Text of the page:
A Shropshire family lawyer has welcomed new divorce laws coming into effect from next month which will remove the concept of fault and reduce conflict between couples.
Amy McGowan-Docherty, from mfg Solicitors, has said the new law would help to reduce conflict between couples and instead allow them to focus on the important issues such as children, property and finance.
The changes, part of the Divorce, Dissolution and Separation Act 2020, are the biggest reform to divorce laws in 50 years and will come into force on 6 April.
As part of the new rules, couples will no longer have to cite or prove that the marriage has broken down based on one of the ‘five facts’ of divorce, such as adultery or unreasonable behaviour. A sole or joint statement by one or both spouses that the marriage has broken down, with no ‘blame’ on either party, is all that will be required to go ahead with the divorce.
The new law, which will also apply to the dissolution of civil partnerships, will remove the possibility of a divorce being contested, even if one spouse objects.
Ms McGowan-Docherty, said: “The breakdown of any marriage is an emotive time for everyone involved. The current need to prove that the marriage has broken down on one of five grounds can result in a ‘blame game’ between couples and heighten conflict at an already difficult time. This then tends to lead to an excessive involvement by solicitors, resulting in much higher costs for couples going through the process.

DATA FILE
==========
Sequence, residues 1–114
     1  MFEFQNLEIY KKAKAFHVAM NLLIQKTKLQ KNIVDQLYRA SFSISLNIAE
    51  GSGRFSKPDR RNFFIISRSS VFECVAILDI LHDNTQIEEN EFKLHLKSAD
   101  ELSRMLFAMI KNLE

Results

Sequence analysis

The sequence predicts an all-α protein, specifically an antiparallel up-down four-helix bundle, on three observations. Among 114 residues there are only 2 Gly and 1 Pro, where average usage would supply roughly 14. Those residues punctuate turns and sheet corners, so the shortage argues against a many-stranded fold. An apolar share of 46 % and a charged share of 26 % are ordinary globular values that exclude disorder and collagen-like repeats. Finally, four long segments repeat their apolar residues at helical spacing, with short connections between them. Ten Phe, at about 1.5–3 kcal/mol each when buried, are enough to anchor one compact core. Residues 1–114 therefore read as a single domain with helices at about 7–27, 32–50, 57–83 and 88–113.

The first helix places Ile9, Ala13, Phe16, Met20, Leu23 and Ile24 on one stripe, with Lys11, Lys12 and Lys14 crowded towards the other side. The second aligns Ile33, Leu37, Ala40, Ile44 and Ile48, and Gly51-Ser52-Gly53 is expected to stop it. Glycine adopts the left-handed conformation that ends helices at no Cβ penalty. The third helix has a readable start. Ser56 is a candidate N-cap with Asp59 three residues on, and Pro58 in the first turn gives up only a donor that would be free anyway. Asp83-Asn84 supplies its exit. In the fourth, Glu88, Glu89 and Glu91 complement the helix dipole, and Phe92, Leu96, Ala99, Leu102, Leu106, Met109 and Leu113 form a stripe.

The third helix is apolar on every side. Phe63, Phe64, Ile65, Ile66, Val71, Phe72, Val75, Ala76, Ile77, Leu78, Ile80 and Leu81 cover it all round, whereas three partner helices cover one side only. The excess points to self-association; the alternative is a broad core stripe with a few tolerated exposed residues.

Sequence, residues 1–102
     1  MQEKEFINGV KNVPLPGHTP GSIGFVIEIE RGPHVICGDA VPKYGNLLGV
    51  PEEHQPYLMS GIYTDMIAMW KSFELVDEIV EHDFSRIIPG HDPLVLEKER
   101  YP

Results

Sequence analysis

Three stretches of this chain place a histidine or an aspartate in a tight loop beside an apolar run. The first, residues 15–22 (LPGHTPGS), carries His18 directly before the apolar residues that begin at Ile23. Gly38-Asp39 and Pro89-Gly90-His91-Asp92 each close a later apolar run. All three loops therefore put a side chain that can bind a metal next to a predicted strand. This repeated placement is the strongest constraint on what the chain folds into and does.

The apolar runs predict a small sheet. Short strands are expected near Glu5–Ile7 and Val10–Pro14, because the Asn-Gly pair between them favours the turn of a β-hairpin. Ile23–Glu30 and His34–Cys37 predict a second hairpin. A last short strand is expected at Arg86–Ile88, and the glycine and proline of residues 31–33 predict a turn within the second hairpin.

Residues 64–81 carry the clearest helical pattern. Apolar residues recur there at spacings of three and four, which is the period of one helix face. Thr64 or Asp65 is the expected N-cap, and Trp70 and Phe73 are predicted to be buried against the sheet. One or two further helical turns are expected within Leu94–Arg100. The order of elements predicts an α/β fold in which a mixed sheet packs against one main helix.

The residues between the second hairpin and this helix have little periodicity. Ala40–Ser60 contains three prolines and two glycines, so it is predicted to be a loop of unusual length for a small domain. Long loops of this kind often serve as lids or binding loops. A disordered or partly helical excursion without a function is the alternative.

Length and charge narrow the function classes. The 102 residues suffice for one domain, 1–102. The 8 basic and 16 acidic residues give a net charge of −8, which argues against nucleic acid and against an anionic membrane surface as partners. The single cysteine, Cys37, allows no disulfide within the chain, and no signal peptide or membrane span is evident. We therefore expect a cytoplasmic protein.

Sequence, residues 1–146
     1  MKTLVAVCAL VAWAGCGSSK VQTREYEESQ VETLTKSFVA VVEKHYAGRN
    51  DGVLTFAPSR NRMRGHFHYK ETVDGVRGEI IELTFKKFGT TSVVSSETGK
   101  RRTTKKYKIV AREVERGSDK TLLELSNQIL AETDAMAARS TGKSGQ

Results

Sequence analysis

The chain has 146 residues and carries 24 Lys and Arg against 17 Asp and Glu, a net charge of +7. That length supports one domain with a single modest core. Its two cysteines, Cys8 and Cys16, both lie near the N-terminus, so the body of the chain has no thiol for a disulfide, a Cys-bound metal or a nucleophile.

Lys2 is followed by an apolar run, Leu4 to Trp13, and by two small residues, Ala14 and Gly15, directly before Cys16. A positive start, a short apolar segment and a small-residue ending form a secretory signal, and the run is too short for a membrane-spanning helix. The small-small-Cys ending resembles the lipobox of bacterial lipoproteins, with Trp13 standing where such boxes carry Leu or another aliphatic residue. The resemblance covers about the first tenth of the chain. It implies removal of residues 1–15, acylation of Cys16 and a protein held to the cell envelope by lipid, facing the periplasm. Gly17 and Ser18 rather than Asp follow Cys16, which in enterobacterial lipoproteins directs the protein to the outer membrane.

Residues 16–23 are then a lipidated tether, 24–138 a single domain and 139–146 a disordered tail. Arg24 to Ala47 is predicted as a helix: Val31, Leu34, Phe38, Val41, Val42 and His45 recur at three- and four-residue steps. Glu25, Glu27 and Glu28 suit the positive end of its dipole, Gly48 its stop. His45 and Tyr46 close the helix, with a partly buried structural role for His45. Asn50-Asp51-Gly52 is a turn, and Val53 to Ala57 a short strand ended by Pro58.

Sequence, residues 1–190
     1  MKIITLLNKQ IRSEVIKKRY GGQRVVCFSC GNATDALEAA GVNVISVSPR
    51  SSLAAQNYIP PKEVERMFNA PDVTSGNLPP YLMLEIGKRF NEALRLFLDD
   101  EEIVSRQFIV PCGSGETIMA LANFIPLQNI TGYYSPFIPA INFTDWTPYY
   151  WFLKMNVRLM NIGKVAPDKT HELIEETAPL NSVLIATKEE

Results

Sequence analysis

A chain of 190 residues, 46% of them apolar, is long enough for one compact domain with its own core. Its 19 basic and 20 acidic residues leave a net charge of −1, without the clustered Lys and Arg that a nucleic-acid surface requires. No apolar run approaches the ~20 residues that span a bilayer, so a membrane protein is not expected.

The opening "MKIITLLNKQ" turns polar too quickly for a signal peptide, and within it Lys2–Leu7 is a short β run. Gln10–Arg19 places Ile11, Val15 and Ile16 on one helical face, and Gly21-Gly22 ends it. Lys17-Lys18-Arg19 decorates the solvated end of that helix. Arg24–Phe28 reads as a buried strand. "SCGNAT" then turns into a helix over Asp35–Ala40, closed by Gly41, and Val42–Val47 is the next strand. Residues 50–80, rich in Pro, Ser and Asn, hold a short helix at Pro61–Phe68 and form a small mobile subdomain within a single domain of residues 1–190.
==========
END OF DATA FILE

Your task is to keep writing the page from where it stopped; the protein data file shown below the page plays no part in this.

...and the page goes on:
“The new law encourages a more collaborative and efficient approach between couples and their legal representatives, and increases the likelihood of matters being resolved outside of court.
“Removing the concept of fault and simplifying the divorce process will make it far less contentious and reduce this conflict, allowing couples to instead focus on the important issues such as children, property and finances.
“This is the biggest reform to divorce laws in 50 years and is very much welcomed.”
Ms McGowan-Docherty added that the new regulations will also see the introduction of simple new language into the process, with a Decree Nisi becoming a Conditional Order and a Decree Absolute a Final Order.
A new minimum time period of 20 weeks between submitting a statement and reaching the first stage of the divorce will be introduced to give couples a period of reflection and chance for possible reconciliation, as well as time to agree practical arrangements around separation and obtain legal advice.
After 20 weeks, a court will grant a Conditional Order – confirming the entitlement of divorce – and then six weeks and one day later, a Final Order – officially ending the marriage.
Visit www.mfgsolicitors.com for more information.